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Rate the Dress: Liberty Yellow

Much to my surprise, last week’s 1870s summer whites proved very popular. I can’t say they particularly did anything for me, though I enjoyed how much the outfit reminded me of Morisot and Clause in Manet’s The Balcony.  While it didn’t make my heart go pitter-pattern, I will admit that I do love it when you guys love something!  Enthusiasm is always attractive!  The enthusiasm (with slight reservations about the scale of embroidery) yielded the dress a perfect 9 out of 10.  Not as good as the week before, but still excellent.

Since a few people mentioned that last week’s selection reminded them of a robe, and since I have Aesthetic dress on my mind thanks to Costume College, and yellow on my mind because yellow, this week I present a warm, cozy Aesthetic robe by Liberty of London.

This garment completely rejects the fashionable nipped-waist and exaggerated sleeves of 1890s fashion, seen even in most tea gowns and other ‘relaxed’ garments of the era, for a loose, Renaissance inspired silhouette and shirred double-layer sleeves that also borrow from that era.

The plush silk edgings of the robe further serve to evoke the fur edged robes shown in paintings by the likes of Holbein.  Even the large-scale fabric is a nod to the large-scale Italian Renaissance fabrics seen in Eleanor of Toledo and the like, but rendered in typically Aesthetic shades of golden yellow, and with typically counter-culture flowers: in this case, sunflowers.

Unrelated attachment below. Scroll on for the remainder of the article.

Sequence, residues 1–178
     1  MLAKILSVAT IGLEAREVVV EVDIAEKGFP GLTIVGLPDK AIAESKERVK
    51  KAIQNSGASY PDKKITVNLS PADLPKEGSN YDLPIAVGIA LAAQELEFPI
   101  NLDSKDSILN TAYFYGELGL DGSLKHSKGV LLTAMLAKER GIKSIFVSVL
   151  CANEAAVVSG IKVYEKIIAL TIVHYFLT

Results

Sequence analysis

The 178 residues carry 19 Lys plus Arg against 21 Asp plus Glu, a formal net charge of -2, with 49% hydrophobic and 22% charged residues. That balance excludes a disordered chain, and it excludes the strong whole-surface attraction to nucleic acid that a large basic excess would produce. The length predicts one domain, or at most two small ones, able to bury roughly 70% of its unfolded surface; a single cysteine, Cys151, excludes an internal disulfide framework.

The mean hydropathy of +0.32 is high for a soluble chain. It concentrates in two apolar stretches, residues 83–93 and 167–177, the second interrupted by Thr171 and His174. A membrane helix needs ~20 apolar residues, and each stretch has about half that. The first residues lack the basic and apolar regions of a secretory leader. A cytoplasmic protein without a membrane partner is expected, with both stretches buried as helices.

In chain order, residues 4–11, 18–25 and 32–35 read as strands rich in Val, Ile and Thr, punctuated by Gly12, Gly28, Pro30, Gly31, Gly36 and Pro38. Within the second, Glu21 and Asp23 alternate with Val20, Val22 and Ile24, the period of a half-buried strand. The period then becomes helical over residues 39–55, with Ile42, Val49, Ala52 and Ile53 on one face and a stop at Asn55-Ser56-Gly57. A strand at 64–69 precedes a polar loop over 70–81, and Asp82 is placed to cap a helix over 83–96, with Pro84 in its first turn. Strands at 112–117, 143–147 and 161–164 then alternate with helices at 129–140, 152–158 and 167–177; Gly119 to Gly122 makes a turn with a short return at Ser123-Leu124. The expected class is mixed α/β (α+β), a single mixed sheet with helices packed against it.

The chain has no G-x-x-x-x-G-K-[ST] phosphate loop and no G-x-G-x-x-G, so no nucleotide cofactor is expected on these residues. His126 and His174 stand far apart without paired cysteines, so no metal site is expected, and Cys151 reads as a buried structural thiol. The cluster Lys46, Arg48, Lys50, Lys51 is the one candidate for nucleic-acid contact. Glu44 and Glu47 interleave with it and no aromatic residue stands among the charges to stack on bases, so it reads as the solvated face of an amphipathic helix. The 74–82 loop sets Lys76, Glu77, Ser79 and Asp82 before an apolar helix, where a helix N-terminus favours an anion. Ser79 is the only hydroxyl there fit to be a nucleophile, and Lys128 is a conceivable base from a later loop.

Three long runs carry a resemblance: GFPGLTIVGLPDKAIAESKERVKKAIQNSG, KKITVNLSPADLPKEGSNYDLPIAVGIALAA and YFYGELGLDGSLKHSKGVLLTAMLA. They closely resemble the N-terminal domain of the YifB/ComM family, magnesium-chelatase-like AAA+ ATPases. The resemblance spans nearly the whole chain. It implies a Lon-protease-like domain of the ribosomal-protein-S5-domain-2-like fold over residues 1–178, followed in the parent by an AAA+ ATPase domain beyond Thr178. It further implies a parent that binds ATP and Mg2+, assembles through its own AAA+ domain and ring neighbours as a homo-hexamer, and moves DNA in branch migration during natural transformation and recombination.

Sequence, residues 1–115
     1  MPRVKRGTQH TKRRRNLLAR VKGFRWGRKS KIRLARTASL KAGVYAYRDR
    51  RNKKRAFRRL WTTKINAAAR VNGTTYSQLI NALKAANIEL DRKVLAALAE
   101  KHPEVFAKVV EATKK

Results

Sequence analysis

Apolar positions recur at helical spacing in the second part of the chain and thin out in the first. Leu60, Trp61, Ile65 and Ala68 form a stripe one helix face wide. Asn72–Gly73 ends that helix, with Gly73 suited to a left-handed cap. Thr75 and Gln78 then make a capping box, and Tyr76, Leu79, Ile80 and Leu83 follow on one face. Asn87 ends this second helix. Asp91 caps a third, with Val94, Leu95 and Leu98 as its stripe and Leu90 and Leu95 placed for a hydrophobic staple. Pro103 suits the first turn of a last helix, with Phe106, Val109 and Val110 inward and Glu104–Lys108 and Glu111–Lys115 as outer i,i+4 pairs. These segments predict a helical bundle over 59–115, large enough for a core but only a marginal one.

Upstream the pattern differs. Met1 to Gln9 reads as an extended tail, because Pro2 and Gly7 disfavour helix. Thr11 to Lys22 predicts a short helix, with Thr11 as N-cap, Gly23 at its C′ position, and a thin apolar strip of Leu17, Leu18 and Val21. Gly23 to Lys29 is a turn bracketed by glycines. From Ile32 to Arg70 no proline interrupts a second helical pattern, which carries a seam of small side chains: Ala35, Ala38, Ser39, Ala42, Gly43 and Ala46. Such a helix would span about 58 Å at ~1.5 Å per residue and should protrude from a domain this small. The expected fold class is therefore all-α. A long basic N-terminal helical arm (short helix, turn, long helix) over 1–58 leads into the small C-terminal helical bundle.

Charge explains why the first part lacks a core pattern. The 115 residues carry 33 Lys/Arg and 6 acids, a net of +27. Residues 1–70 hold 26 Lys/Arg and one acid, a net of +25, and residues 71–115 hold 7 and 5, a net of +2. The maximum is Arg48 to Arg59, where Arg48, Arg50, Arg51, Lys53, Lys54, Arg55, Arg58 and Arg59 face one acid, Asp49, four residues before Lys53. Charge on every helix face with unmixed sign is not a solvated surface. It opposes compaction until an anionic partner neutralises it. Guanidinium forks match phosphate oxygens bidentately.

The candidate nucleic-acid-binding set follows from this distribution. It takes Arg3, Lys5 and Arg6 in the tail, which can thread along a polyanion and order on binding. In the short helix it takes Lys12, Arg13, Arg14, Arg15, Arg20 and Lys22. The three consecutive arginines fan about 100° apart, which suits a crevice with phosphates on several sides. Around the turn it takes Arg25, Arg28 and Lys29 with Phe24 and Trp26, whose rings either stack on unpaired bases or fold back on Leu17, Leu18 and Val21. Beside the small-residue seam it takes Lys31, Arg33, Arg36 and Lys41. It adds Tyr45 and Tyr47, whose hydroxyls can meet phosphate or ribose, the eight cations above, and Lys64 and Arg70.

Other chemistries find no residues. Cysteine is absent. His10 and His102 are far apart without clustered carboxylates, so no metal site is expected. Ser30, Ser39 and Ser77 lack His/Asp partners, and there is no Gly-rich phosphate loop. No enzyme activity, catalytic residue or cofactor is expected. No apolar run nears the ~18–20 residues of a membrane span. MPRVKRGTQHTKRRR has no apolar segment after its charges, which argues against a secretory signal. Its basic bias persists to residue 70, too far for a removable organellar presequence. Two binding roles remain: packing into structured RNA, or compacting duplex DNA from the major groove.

What do you think? Does this avant-gard ensemble manage to be both regal and comfortable? Or is it just a historically inspired fuddy-dud?

Rate the Dress on a Scale of 1 to 10

29 Comments

  1. Oh, I would wear this in an instant! The simplicity of the overall line can handle the scale of the floral motifs, and the plush looks like something one could spend the day stroking (like a security blanket?). The yellow reads warm to me, rather than acid, and would feel like one was wearing sunshine on a gloomy winter’s day (which it currently is here).

    10 of 10

  2. Love: The layered effect of the matched colors with different fabrics. The thick trim at the hem. The sleeves.

    Not Love: The front. It just looks weird and awkward, like a caveman vest morphed into a robe. From the side, neat, but the front has an awkwardness I can’t shake. The collars–both the stand-up exterior and almost t-shirt-esque interior–are not doing it for me.

    6/10 for a pretty equal balance of love and not love but ultimately more love than not.

  3. Emilia says